About this image
Elvaston Castle and the surrounding parkland was the seat of the Earls of Harrington until 1939. The gothic-style castle was designed around an older Jacobean building (the east wing facade covers the oldest part of the building) for the 3rd Earl of Harrington in the early 19th century by the architect James Wyatt, although Wyatt himself did not live to see his designs carried out.
The 3rd Earl also wanted to see a new landscaped garden to go with his rebuilt castle, and offered the commission to a famous landscape gardener of the time, Lancelot (Capability) Brown. Brown, however, turned down the invitation because the area was so flat, and so it was left to the 4th Earl Charles to finish the work at Elvaston.
Charles was quite a character. When he inherited his title in 1829 he had earned himself a reputation as a dandy and Regency buck. He was a trend setter, and attracted the friendship of the Prince Regent, who copied his clothes, tea drinking, and addiction to snuff, the Earl had 365 snuff boxes, one to use on each day of the year! He designed many of his own clothes, and many of his fashions were copied, however odd.
In 1831 Charles married Maria Foote. She was 17 years his junior, an actress and an unmarried mother (neither of which were socially acceptable at that time). Although their love affair had begun in the 1820s, marriage had been out of the question while Charles's father was alive, and the affair was a favourite topic of society gossips. The Earl was devoted to Maria, however, and it has been suggested that the gardens he commissioned at Elvaston were his tribute to their love (The inside of the Moorish temple in the Alhambra garden was decorated with symbols of the chivalric love of a knight for his lady, and there was even a statue of the couple showing an adoring Charles at Maria's feet!).
The gardens were created for Charles the 4th Earl of Harrington by William Barron and a team of 90 gardeners between 1830 and the Earl's death in 1851. Barron's design created a series of theme gardens to the south of the castle, including an Italian garden based on designs from Tuscany, and the Alhambra garden which included a Moorish temple. The bower garden, which became known as the Garden of the Fair Star, had a monkey puzzle tree in a star shaped bed at its centre, as well as many statues and green and yellow yew trees clipped into different shapes. Barron also planted several avenues of trees and constructed a large lake on the site (where, incidentally, some of the scenes in Women in Love were filmed).
Charles was impatient to see his new garden take shape, and so to meet his demands Barron pioneered a method of moving mature trees from one place to another. Some of the yews which became part of the gardens at Elvaston were already hundreds of years old, and were transplanted over distances of many miles to reach Elvaston. By 1850 Barron had planted examples of every species of European conifer then known at Elvaston, as well as an avenue of limes which led to the Golden Gates (SeeDRBY001645). These gates, which had previously adorned the royal palaces at Madrid and Versailles, had been acquired by the 3rd Earl of Harrington in 1819.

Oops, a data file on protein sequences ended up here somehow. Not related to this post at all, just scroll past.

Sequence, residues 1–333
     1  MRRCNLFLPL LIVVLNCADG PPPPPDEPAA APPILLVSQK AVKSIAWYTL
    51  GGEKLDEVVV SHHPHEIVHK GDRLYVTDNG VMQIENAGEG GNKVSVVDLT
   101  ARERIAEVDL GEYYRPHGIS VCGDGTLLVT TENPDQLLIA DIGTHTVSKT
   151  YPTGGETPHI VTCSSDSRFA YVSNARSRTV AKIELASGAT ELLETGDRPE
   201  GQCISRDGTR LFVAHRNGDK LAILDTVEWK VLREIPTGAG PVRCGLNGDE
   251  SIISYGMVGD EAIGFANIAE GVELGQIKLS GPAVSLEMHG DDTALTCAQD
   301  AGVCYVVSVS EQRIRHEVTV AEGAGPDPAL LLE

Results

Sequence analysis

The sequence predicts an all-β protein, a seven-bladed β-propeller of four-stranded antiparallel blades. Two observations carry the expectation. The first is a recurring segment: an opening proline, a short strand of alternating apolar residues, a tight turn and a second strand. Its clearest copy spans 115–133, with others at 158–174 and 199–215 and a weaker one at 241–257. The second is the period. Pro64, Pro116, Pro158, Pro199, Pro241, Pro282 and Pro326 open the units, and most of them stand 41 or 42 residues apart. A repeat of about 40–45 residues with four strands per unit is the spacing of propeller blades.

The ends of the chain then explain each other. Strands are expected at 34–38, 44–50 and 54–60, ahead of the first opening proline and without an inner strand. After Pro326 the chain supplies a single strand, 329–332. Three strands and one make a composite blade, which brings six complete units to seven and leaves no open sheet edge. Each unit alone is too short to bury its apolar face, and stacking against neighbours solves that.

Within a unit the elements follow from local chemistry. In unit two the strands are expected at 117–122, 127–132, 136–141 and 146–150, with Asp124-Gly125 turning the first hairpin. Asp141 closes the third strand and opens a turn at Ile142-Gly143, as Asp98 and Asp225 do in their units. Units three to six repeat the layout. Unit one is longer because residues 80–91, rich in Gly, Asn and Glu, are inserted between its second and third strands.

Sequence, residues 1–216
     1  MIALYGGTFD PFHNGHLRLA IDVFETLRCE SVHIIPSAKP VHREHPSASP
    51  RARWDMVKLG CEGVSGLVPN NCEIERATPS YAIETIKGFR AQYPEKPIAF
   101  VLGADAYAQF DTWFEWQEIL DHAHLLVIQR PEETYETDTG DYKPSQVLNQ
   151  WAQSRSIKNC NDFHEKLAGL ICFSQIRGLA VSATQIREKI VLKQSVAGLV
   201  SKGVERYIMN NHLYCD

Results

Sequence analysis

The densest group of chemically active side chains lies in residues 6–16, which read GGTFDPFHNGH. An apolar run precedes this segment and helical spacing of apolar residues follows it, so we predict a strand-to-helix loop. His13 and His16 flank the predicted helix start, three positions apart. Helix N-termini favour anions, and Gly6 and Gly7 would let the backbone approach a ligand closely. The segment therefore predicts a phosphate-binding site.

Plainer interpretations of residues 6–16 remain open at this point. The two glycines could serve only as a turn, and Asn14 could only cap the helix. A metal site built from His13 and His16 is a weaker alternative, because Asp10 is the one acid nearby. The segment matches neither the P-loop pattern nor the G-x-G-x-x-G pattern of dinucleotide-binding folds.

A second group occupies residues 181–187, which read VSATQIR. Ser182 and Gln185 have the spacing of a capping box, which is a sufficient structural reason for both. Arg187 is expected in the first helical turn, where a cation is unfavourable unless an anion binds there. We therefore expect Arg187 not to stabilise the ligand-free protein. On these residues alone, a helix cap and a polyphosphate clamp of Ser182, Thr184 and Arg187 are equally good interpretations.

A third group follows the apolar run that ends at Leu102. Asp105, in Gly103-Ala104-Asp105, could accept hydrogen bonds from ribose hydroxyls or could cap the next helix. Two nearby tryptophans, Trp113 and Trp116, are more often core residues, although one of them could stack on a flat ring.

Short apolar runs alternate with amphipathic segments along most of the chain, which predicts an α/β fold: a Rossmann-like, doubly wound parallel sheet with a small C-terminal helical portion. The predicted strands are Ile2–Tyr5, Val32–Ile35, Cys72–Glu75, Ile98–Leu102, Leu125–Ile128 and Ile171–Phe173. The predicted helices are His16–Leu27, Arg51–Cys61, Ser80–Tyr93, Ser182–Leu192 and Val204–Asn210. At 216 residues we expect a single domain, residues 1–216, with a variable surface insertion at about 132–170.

Under the 4th Earl the gardens at Elvaston remained a private place for the Earl himself and his wife. It had to wait for the succession of Leicester Stanhope as the 5th Earl of Harrington before the gardens were opened to the public. When the gardens were opened thousands of people visited them despite the rather high admission fee of three shillings, often travelling to Elvaston on special excursion trains.
During and after the Second World War the castle at Elvaston was home to a teacher training college, evacuated for safety from Derby. Every room in the castle was needed to accommodate over 150 staff and students: the cellar was used as an air raid shelter, and the Hall of the Fair Star became a lecture room and common-room. The castle and grounds are now maintained, as one of the first country parks, by Derbyshire County Council. The grade two star listed gardens are recognised as being of national importance, and Derbyshire County Council would like to restore them to their original state.
This image is one of a collection by the famous local antiquarian, Thomas Bateman, of Middleton by Youlgreave. (1821-1861). Bateman organized his collection by inserting them into a 4 volume copy of Lysons Magna Britannia, Derbyshire, creating a fascinating and unique illustrated record of the county. The purchase of the collection for Derbyshire Libraries was made possible by the generous bequest of Miss Frances Webb of Whaley Bridge, well known local historian, who died in December 2006.